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Binge drinking is up since 2006, with the upswing greater among women

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Photo by Kelsey Chance on Unsplash
The proportion of women who reported binge drinking rose from 21 percent to 33 percent. That compares with a rise of 42 percent to 45 percent among men.

Binge drinking among moms may be on the rise, but not any more than among women without children, according to a study published in the journal PLOS Medicine.

In fact, despite the recent flurry of media attention that “mommy drinking” (also referred to as “wine-mom culture”) has received, moms tend to binge drink less than any other group, the study found.

“So that puts to bed the idea that there is something special about mommy drinking,” said Sarah McKetta, the study’s lead author and a medical and Ph.D. student at Columbia University, in an interview with NBC News.

“It seems we need to be worried about everyone,” she added.


For the study, McKetta and her co-authors looked at data collected from a nationally representative group of almost 240,000 American adults who participated in the National Health Interview Survey between 2006 and 2018. The survey includes detailed questions on alcohol consumption, as well as demographic information, including family composition.

All the respondents were between the ages of 18 and 55, the age range when adults are most likely to be parenting young children.

One of the specific goals of the study was to see if women with children are doing more binge or heavy drinking than other groups.

Binge drinking is defined in the study as consuming four or more alcoholic beverages on a single day for women and five or more for men. Heavy drinking is defined as 60 or more days of binge drinking within a 12-month period.

Key findings

The proportion of respondents who reported binge drinking increased during the study period, from 32 percent in 2006 to 39 percent in 2018.  Although men — particularly those without children — engage in binge drinking more often than women, the upswing in this type was drinking was greater among women.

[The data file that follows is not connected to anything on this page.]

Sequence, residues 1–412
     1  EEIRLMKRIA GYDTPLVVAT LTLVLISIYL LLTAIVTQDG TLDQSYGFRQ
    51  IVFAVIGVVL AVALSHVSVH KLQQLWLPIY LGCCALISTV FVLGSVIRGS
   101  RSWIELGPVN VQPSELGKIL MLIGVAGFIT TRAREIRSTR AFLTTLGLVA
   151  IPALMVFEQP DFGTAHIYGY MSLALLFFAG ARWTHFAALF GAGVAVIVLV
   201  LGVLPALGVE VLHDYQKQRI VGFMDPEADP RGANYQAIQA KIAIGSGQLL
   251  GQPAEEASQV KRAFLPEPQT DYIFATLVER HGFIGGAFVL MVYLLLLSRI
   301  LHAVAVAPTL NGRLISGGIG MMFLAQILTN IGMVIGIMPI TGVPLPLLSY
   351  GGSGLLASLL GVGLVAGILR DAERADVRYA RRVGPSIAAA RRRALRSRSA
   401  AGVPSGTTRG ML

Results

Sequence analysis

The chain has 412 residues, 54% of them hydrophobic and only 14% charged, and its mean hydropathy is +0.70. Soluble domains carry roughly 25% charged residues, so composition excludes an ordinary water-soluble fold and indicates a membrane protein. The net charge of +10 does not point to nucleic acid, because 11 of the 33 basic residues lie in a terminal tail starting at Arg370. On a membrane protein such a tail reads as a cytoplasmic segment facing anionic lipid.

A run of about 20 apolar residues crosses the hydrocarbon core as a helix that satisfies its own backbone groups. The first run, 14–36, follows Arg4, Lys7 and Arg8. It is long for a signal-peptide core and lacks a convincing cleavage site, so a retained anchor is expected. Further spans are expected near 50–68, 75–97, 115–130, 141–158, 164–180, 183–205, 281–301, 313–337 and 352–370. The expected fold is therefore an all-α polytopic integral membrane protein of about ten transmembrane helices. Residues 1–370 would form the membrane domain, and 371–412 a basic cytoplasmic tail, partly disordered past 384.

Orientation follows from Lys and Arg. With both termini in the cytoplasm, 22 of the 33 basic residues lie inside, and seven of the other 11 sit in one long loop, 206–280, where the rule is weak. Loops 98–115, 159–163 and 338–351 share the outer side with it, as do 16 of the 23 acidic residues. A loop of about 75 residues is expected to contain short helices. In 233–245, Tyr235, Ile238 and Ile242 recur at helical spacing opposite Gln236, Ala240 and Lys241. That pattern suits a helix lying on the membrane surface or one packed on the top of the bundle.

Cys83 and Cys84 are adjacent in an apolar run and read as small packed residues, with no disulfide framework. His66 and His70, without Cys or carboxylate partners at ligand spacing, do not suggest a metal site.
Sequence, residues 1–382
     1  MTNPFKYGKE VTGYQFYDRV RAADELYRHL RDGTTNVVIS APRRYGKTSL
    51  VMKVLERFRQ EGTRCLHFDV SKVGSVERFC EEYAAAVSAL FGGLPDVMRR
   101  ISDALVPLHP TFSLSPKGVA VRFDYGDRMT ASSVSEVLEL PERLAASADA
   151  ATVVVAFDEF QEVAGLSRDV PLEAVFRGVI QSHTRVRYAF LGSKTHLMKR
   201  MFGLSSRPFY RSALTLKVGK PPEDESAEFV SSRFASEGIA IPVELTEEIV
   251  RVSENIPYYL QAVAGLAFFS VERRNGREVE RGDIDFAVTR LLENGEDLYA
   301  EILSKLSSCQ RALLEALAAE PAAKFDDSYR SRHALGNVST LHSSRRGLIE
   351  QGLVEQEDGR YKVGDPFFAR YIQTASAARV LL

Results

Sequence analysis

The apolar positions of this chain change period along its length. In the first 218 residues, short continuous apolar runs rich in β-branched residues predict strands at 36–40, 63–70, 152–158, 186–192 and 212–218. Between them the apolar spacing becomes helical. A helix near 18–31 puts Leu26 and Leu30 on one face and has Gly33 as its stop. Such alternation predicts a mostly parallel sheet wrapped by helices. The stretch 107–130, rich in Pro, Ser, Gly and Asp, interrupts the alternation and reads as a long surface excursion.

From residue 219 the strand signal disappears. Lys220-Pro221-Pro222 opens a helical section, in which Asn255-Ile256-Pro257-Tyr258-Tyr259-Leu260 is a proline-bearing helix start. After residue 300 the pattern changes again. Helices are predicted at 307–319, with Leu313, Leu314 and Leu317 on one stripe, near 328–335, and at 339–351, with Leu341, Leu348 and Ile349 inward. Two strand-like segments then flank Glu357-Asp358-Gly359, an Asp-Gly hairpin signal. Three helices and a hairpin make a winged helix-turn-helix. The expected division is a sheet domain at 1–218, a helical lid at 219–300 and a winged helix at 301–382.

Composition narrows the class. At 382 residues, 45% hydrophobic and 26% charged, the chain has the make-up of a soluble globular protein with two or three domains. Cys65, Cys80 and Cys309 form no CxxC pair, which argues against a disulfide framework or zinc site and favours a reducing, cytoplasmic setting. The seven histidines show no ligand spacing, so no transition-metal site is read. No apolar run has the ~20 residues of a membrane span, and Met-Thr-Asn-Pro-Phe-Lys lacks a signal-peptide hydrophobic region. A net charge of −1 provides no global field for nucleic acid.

The proportion of women who reported binge drinking rose from 21 percent to 33 percent. That compares with a rise of 42 percent to 45 percent among men.

In fact, the largest increases in binge drinking occurred among women ages 30 to 44 without children, doubling from 21 percent back in 2006 to 42 percent in 2018.

The only group with a decline in binge drinking was young fathers aged 18 to 29. The drop was small, however — from 32 percent to 31 percent.


Both men and women with children reported lower levels of binge drinking than their peers who weren’t parents, but parents are definitely drinking more than they were in 2006. That includes moms. In 2018, 29 percent of the moms surveyed said they engaged in binge drinking compared to 17 percent in 2006.

But binge drinking among women without children climbed at a similar rate, from 24 percent in 2006 to 37 percent in 2018.

There is some good news in the study (or, rather, relatively good news): Heavy drinking did not trend up — except among older women (those aged 45 to 55) without children.

“Our study demonstrated that trends in binge and heavy drinking over time were not differentiated by parenting status for women; rather, declines and increases over time were mainly attributable to sex and age,” said Katherine Keyes, the study’s senior author and an epidemiologist at Columbia University, in a released statement.

“We observed that men and women who parent drink less than those who do not, and men who parent drink more than women who parent.”

A dangerous trend

As the Centers for Disease Control and Prevention (CDC) points out, “Binge drinking is the most common, costly, and deadly pattern of excessive alcohol use in the United States.” It’s linked to a long list of health problems, including unintentional injuries, violence, poor pregnancy outcomes, certain cancers, and chronic diseases such as heart disease, stroke and liver disease.

Each year, about 88,000 Americans die as a result of excessive drinking.

Binge drinking also places a huge economic burden on the U.S. economy — at least $191 billion a year in lost health care expenditures, criminal justice costs, lost productivity and other expenses.


That’s $2.05 per drink, according to the CDC’s calculations.

This new study’s findings are, therefore, quite sobering.

“Although heavy drinking has either decreased or stabilized for most groups, binge drinking is still common and is becoming even more prevalent,” said McKetta, in a released statement.

“It’s still unknown why women are increasing drinking relative to men,” she added, “but we encourage physicians to screen all adults — not just select groups of men and women — for alcohol use disorders and referring them to appropriate treatment.”

FMI: You can read the study in full on the PLOS Medicine website.

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